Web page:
Secondly. Be sure that all of you get your hearts filled and awed with the true fear of God.-In which you ought and are commanded to "be all the day." (Prov. xxiii. 17.) Lie down at night in it; awake and rise in the morning in it; and so walk up and down in all places and companies, and about all your businesses and affairs. No persons in the world are so audaciously and impudently vile as those who have their hearts hardened from this fear. That passage is very observable which you find in Psalm xxxvi. 1: "The transgression of the wicked saith within my heart, that there is no fear of God before his eyes." Sin hath a voice: it cries aloud in the ears of God, and it speaks loud to men, to the hearts of good men. It speaks that which grieves and saddens them; it speaks that which informs them. So here: "The transgression of the wicked, his visible and open transgression, the life he leads, which is flagitious, the course he takes, which is lewd, the villanies he commits: these speak within my heart," saith David; "they speak to my mind and understanding." But what do they say Enough: so much as amounts to a plain and full evidence, so much as is to me a sufficient and firm foundation, to build this conclusion upon, that there is no fear of God before his eyes.' Either he doth not believe that there is a God; or else he believes that he is not a terrible God, a consuming fire, and everlasting burnings; but such an one as himself;' (Psalm 1. 21;) a God not to be trembled before, but to be trifled and played with; one that did not mind what is done here below, or that hath pleasure in wickedness, as he hath himself."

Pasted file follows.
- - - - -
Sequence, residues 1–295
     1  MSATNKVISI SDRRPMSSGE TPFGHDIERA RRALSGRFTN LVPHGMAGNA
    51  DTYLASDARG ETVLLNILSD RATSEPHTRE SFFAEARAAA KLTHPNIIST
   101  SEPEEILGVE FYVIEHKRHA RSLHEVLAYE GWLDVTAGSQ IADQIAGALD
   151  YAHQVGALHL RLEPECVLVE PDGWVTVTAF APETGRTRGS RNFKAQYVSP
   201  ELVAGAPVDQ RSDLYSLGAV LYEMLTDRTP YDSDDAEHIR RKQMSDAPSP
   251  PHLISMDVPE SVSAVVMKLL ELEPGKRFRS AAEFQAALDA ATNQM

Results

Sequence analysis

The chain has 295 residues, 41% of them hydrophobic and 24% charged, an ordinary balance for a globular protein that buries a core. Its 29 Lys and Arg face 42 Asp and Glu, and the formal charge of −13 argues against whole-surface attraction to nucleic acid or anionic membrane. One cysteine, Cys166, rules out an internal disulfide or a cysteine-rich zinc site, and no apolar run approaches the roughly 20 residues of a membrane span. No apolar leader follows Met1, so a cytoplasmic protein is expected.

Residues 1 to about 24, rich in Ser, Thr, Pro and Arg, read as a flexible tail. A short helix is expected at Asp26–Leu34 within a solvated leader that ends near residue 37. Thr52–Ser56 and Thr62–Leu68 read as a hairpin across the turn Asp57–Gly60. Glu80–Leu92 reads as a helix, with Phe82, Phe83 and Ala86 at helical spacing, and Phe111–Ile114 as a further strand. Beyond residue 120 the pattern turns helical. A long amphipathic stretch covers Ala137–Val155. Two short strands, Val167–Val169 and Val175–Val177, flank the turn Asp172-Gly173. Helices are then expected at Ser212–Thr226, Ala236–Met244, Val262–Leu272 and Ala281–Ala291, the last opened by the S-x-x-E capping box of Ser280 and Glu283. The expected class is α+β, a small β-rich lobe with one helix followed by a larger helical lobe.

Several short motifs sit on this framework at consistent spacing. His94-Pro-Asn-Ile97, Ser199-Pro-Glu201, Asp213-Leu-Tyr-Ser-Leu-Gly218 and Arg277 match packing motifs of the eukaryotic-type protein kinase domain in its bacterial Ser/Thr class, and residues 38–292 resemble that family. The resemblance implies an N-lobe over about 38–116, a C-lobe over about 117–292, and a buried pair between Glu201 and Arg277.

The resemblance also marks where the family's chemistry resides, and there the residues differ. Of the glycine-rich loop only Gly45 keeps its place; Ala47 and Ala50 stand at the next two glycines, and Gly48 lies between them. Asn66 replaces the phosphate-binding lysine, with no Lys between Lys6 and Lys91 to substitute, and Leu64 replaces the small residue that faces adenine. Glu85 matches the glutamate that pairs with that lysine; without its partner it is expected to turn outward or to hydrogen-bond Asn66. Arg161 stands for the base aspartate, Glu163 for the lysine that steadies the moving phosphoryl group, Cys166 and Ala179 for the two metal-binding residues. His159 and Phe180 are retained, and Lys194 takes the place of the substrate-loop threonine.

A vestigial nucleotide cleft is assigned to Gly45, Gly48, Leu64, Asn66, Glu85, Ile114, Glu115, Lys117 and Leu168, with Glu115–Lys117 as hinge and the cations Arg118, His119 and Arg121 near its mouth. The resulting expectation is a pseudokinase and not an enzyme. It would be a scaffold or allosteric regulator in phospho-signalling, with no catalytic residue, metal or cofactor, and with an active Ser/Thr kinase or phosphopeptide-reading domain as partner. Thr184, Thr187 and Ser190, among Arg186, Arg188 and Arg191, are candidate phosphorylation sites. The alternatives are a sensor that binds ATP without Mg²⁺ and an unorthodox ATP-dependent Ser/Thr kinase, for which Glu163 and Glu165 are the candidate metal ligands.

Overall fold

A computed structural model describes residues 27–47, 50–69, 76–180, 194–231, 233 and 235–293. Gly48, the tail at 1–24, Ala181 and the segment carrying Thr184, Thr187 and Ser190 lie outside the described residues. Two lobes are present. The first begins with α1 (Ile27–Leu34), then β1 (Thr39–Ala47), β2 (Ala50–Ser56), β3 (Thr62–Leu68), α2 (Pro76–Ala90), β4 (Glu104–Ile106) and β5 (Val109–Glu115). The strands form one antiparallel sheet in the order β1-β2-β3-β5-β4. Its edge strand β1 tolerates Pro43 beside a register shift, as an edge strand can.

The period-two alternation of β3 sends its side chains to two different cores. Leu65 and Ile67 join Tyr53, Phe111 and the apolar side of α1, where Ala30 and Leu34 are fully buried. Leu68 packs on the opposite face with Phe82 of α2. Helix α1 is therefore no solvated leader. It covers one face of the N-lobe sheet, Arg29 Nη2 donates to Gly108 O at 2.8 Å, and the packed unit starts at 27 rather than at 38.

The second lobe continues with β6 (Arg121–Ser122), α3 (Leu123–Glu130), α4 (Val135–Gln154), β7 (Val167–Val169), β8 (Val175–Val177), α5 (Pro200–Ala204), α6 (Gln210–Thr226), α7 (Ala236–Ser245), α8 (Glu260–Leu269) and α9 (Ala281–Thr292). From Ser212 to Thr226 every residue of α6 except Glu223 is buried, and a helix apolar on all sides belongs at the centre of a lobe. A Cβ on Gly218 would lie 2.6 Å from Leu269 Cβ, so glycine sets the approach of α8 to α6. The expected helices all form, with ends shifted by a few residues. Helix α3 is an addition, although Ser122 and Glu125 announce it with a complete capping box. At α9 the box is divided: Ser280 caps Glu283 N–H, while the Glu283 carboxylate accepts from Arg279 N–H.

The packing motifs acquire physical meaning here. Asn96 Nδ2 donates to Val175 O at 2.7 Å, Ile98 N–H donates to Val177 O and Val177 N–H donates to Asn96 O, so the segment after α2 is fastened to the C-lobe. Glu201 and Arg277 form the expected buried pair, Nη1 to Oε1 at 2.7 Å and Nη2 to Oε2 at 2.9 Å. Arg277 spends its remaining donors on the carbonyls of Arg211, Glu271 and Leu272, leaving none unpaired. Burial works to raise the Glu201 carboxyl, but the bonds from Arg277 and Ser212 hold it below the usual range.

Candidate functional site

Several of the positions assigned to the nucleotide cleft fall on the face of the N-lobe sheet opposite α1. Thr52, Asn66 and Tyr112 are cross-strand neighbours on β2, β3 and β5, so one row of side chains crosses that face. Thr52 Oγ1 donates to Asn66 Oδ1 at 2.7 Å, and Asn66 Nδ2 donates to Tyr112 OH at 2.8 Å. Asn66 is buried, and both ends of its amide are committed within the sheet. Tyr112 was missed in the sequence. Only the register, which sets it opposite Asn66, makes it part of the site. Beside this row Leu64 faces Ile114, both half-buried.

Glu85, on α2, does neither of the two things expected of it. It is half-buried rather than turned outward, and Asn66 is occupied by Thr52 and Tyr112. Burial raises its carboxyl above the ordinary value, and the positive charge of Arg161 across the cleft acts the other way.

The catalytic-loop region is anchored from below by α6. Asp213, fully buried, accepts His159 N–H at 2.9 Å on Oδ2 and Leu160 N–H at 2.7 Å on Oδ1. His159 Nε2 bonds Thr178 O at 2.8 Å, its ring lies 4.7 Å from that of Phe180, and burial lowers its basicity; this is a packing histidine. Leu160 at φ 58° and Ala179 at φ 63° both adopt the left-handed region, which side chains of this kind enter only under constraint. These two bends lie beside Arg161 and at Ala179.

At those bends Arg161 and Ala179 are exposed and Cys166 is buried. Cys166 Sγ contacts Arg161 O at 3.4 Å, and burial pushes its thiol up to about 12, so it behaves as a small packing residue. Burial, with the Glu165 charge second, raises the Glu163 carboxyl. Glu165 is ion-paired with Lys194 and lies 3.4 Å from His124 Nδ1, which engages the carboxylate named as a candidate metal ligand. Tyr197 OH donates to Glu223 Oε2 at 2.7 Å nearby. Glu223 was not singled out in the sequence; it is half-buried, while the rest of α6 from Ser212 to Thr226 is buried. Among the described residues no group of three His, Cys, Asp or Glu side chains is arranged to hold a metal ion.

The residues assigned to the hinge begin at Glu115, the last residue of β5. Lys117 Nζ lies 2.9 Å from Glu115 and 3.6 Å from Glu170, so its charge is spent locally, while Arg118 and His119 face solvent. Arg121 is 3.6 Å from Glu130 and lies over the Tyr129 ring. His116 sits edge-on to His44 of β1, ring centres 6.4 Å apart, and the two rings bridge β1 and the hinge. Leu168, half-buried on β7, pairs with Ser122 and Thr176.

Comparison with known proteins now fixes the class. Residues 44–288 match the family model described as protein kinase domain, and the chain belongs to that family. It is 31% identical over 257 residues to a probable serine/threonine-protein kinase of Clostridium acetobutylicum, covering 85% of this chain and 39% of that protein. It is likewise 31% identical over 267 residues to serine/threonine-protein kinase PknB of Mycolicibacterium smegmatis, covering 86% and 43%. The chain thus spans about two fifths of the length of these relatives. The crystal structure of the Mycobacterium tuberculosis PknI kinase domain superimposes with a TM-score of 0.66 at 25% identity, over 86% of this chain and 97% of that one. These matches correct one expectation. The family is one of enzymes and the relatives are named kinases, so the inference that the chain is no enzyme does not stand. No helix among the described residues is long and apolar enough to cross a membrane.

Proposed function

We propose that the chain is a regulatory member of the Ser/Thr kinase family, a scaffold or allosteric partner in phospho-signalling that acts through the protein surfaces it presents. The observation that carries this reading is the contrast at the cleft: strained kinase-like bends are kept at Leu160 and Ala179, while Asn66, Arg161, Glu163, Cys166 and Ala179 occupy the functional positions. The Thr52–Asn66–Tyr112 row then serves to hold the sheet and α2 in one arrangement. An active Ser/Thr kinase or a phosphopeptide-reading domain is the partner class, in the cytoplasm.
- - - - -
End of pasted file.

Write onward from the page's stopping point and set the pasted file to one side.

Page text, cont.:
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What was the reason that Abraham, though a good man, eminently good and strong in faith, yet was not willing to have it publicly known that Sarah was his wife, when he sojourned in Gerar? You have the account thereof given in Gen. xx. 12: "I thought, Surely, the fear of God is not in this place.' Here is not the worship of God, therefore here is not the fear of God." But what did he gather from thence? “What, if there be not the fear of God? Then there is the fear of nothing, they will stick at nothing; they will have their will: they will slay me for my wife's sake. This is indeed a sweet place, a lovely and pleasant country, it wants for no earthly accommodations; but, as I conjecture, and that not without reason, the best and principal thing is wanting here is none of the fear of God; and where there is not that curb to restrain men, they will certainly run wild, and their impetuous lusts will hurry them into the vilest and most monstrous practices." Ubi non est timor Dei, ibi regnant omnia vitia. "All vices reign and rage in those places where the fear of God hath not a commanding power." Whereas, on the other side, no persons do hate and oppose sin so much as those who do fear God most; for this is that which doth teach men, and that effectually, to depart from evil. "Former governors" did so and so; but, said good Nehemiah, “so did not I, because of the fear of God." (Neh. v. 15.) There was none like Job in all the earth; and it is said of him by the Lord himself, that "he feared God, and eschewed evil :" (Job i. 8;) he avoided and resisted it. This fear will set the heart of a man against sin, and constrain him to lift up his hand against it, or his voice at least, when